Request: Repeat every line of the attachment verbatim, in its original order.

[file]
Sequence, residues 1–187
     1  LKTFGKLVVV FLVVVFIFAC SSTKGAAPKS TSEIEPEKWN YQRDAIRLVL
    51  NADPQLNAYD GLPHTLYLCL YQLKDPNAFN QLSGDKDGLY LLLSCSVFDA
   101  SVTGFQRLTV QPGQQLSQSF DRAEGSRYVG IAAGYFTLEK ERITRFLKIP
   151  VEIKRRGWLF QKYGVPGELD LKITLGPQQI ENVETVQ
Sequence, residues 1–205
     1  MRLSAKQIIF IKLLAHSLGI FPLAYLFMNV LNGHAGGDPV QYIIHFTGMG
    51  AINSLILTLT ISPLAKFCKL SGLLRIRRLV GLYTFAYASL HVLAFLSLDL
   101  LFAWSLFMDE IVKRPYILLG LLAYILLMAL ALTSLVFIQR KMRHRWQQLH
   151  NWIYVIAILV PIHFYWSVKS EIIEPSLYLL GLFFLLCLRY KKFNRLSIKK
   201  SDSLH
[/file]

Sequence, residues 1–187
     1  LKTFGKLVVV FLVVVFIFAC SSTKGAAPKS TSEIEPEKWN YQRDAIRLVL
    51  NADPQLNAYD GLPHTLYLCL YQLKDPNAFN QLSGDKDGLY LLLSCSVFDA
   101  SVTGFQRLTV QPGQQLSQSF DRAEGSRYVG IAAGYFTLEK ERITRFLKIP
   151  VEIKRRGWLF QKYGVPGELD LKITLGPQQI ENVETVQ
Sequence, residues 1–205
     1  MRLSAKQIIF IKLLAHSLGI FPLAYLFMNV LNGHAGGDPV QYIIHFTGMG
    51  AINSLILTLT ISPLAKFCKL SGLLRIRRLV GLYTFAYASL HVLAFLSLDL
   101  LFAWSLFMDE IVKRPYILLG LLAYILLMAL ALTSLVFIQR KMRHRWQQLH
   151  NWIYVIAILV PIHFYWSVKS EIIEPSLYLL GLFFLLCLRY KKFNRLSIKK
   201  SDSLH